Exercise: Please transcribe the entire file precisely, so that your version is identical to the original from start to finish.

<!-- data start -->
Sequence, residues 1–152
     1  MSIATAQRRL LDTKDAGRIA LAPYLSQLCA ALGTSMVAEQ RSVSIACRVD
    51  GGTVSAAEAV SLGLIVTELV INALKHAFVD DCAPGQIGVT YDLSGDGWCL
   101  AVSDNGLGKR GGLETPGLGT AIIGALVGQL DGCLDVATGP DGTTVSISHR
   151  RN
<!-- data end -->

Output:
Sequence, residues 1–152
     1  MSIATAQRRL LDTKDAGRIA LAPYLSQLCA ALGTSMVAEQ RSVSIACRVD
    51  GGTVSAAEAV SLGLIVTELV INALKHAFVD DCAPGQIGVT YDLSGDGWCL
   101  AVSDNGLGKR GGLETPGLGT AIIGALVGQL DGCLDVATGP DGTTVSISHR
   151  RN